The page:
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Current Aging Science

Editor-in-Chief

ISSN (Print): 1874-6098
ISSN (Online): 1874-6128

Dietary Habits of Mongolian People, and Their Influence on Lifestyle-Related Diseases and Early Aging

Author(s): Fumio Komatsu, Yasuo Kagawa, Terue Kawabata, Yoshinori Kaneko, Baatar Purvee, Jugder Otgon and Ulziiburen Chimedregzen

Volume 1, Issue 2, 2008

Page: [84 - 100] Pages: 17

DOI: 10.2174/1874609810801020084

Price: $65

Abstract

Mongolians are known to have relatively short life expectancy. In order to examine the role of dietary habits in the early aging of Mongolians, the food intake inquiry, anthropometric measurements and blood clinical tests were performed for 365 healthy inhabitants in Murun, a northern Mongolia city, and compared to those of Japanese. Murun inhibitants were found to have a characteristic dietary habit of taking large amounts of meat, milk, dairy products and wheat flour products, in contrast little vegetables, fruits and fishes. The daily calorie intake of the adults was estimated to be 2,525 kcal, and the fat/total calorie ratio was calculated 33.7%, about 1.3-fold higher than that of Japanese. The intake ratio of fatty acid from the Mongolian foods, saturated : mono-unsaturated : poly-unsaturated fatty acids (PUFA) ratio, was 10.3 : 7.8 : 3.0. Results of blood clinical tests showed significantly higher levels of serum triglycerides, low-density lipoprotein cholesterol (LDL) and homocysteine, and lower levels of high-density lipoprotein cholesterol (HDL), n-3 PUFA, folic acid and adiponectin, in comparison with those of Japanese. In addition, the Mongolians were also found to have significantly high levels of oxidative stress markers, such as serum malondialdehyde-modified LDL (MDA-LDL), urinary 8-hydroxy-2-deoxyguanosine (8-OHdG) and serum reactive oxygen metabolites (ROM). The serum ROM level in the Mongolians seemed to associate with their body fat ratio (p < 0.05), and was significantly inverse-correlated to handgrip strength (p < 0.001). Obesity was observed at a high incidence in the subjects over 30-year old, and over 40-year old their handgrip ability was markedly decreased. These findings suggest that in the Mongolians the dietary habits associate with their lifestyle-related diseases and early aging, and the improvement of dietary habits is an effective strategy for health promotion of the inhabitants.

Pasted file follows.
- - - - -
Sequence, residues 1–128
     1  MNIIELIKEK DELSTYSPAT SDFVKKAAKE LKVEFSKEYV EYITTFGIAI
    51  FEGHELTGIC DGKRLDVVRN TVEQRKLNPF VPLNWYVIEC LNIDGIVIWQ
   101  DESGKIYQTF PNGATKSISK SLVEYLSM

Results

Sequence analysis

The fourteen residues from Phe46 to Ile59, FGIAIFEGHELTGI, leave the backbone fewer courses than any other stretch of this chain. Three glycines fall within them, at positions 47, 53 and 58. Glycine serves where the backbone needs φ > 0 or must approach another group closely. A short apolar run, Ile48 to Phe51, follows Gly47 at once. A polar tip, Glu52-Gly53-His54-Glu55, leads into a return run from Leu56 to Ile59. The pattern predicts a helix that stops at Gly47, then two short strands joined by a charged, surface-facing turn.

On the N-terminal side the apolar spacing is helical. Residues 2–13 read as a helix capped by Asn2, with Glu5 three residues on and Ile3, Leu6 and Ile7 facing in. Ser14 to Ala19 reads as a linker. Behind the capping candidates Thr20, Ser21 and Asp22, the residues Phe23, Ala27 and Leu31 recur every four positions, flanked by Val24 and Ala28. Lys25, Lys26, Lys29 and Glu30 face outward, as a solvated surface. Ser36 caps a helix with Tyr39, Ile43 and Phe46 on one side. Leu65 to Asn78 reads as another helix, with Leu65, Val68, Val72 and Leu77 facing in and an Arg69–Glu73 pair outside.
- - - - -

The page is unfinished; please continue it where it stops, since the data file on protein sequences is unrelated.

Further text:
Keywords: Mongolians, dietary habits, lifestyle-related disease, early aging, oxidative stress, handgrip strength, folic acid, life expectancy


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